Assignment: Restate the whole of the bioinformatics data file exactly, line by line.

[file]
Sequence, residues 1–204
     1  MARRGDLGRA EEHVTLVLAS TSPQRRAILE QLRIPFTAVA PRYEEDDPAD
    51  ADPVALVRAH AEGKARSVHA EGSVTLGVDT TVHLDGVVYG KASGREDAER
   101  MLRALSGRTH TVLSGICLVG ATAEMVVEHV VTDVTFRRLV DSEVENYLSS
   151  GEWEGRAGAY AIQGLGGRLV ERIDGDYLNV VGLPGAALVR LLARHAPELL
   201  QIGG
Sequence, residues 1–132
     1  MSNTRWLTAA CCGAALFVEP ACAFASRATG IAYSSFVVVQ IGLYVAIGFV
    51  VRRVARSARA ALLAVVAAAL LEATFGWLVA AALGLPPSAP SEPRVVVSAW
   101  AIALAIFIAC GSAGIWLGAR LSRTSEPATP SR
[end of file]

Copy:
Sequence, residues 1–204
     1  MARRGDLGRA EEHVTLVLAS TSPQRRAILE QLRIPFTAVA PRYEEDDPAD
    51  ADPVALVRAH AEGKARSVHA EGSVTLGVDT TVHLDGVVYG KASGREDAER
   101  MLRALSGRTH TVLSGICLVG ATAEMVVEHV VTDVTFRRLV DSEVENYLSS
   151  GEWEGRAGAY AIQGLGGRLV ERIDGDYLNV VGLPGAALVR LLARHAPELL
   201  QIGG
Sequence, residues 1–132
     1  MSNTRWLTAA CCGAALFVEP ACAFASRATG IAYSSFVVVQ IGLYVAIGFV
    51  VRRVARSARA ALLAVVAAAL LEATFGWLVA AALGLPPSAP SEPRVVVSAW
   101  AIALAIFIAC GSAGIWLGAR LSRTSEPATP SR